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Boxing History

Classic Biofile Willie Pep 1922-2006

Status: Boxing Hall of Famer. Former World Featherweight champion. His ring record was 229-11-1 (65 KO’s).

Birthplace: Middletown, CT

Boxing Inspirations: “Lou Ambers, Joe Louis, Tony Canzoneri, Rocky Marciano – we were born in the same month in the same year. Wonderful man. Good friend. We used to go on trips together. I miss him.”

Nicknames: “Willie The Wisp, William, Wonderful Willie.”

First Job: “Shoeshine boy on the street. I used to have to fight everyday for a corner. It was dog-eat-dog for the best corner.”

Early Boxing Memory: “I was 16 fighting as an amateur, making four or five dollars. Brought it home and gave it to my mother. One time I boxed twice and made $40. She said, ‘Where did you get this money?’ My dad said, ‘See if you can fight twice a week.’ He was making $15 a week. He used to wake me up to do road work.”

Favorite Movies: “Good westerns and detective stories. Alan Ladd movies. I watch movies all the time. I can’t remember the names. I had 306 fights. All those punches. Me and my wife are gonna watch a John Wayne movie tonight.”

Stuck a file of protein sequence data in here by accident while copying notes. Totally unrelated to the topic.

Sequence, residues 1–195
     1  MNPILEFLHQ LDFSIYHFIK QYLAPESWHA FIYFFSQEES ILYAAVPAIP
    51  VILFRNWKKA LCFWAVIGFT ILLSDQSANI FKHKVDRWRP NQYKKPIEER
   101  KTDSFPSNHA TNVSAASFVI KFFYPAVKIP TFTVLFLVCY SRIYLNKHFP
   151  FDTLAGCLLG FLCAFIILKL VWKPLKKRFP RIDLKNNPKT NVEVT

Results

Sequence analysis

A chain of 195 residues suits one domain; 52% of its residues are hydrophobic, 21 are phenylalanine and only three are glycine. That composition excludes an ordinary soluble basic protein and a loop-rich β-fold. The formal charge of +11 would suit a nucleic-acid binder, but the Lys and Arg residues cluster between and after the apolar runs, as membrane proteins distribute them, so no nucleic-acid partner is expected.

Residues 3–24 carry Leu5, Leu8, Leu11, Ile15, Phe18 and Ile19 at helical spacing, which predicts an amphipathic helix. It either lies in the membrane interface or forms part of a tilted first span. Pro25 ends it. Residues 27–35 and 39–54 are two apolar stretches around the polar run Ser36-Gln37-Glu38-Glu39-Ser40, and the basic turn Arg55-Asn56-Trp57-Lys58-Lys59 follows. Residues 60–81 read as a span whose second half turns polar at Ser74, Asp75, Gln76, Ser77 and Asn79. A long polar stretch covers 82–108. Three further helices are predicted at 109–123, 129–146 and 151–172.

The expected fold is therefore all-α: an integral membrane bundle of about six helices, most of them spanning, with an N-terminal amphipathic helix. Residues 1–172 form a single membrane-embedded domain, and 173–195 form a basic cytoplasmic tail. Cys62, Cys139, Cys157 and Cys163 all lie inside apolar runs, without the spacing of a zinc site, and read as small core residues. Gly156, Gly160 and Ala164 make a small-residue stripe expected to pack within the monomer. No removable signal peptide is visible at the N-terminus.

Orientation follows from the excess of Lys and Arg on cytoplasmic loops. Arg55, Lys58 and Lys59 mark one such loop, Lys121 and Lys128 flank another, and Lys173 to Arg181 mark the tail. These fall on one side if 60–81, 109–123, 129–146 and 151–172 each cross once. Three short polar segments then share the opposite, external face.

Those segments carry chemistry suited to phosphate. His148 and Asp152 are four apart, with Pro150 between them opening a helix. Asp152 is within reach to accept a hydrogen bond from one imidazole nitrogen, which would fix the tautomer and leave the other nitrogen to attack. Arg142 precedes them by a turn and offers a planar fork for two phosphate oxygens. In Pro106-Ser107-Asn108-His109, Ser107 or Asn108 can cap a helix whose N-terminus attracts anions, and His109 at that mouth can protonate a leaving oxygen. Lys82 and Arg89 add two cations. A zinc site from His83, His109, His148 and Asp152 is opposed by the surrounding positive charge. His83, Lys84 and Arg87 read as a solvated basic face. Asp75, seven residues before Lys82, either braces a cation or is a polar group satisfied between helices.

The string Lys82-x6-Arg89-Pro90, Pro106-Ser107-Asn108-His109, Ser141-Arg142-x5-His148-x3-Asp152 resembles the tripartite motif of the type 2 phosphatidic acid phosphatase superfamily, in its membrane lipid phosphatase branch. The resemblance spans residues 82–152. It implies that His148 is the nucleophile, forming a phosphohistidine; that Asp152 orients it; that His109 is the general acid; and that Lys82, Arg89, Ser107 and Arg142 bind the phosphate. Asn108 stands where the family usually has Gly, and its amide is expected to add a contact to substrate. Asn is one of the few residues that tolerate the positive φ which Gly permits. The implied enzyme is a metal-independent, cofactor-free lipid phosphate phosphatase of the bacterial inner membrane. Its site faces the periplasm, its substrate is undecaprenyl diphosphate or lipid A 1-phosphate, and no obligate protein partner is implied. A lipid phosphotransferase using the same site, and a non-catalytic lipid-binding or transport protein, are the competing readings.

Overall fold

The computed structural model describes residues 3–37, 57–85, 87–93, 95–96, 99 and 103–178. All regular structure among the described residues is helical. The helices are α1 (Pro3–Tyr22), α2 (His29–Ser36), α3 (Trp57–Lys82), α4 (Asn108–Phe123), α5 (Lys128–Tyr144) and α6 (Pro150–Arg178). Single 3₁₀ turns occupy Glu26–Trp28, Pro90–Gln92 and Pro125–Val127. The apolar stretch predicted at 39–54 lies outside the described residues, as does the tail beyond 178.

Pre-Fight Meal: “Broiled steak. Every fighter ate steak. A little salad. Jello. Hot tea and lemon.”

Hobbies/Interests: “My wife Barbara – she’s 39 and I’m 72. She’s a nice girl, nice kid. A redhead. Been married eight years. I guess this is it.”

Interesting Facts: “I was in the Army for 1 1/2 years and two years in the Navy. Also, I survived a plane crash in New Jersey in 1946. Flying from Miami. I was champ when I cracked up. Crashed in Middleville, N.J. How lucky we were. We landed in a wooded area, not a house. Four were dead. 21 were on the plane. I remember I was laying on the ground. Everybody was moaning. I was moaning. I was in agony. Broke my back. Compound fracture in left leg. Nine months in a cast. Six months later I had a fight and I won.

Greatest Sports Moment: “I had two or three. When I won the championship I was 20-years-old. I beat the greatest featherweight champ there ever was – Chalky Wright. A great fighter. He knocked everyone out. Outpointed him in 15 rounds at Madison Square Garden. What a night for me. It didn’t dawm on me till later. My 54th straight win. I went up to 62. Lost to Sammy Angott, the lightweight champion. Then I went 73 straight without a loss. Then I lost to Sandy Saddler. I boxed 29 years. My first fight was when I was 15. I made a lot of money but I didn’t save it. Grossed a million. I fought a lot of great fighters. Fought all over the world. I was a lucky guy.”

First Pro Fight: “I had it in Hartford, a four-rounder. I don’t remember who I fought (James McGovern in 1940). That’s a long time ago. Scoop, I don’t remember what I did yesterday. It was an outdoor fight at…they called it Capital Park. All I remember is I ran like hell for four rounds. I think the main event was a local guy – Jimmy Leto, a great, great welterweight. Fought for the title. I trained with him. He showed me everything. A great, great guy.”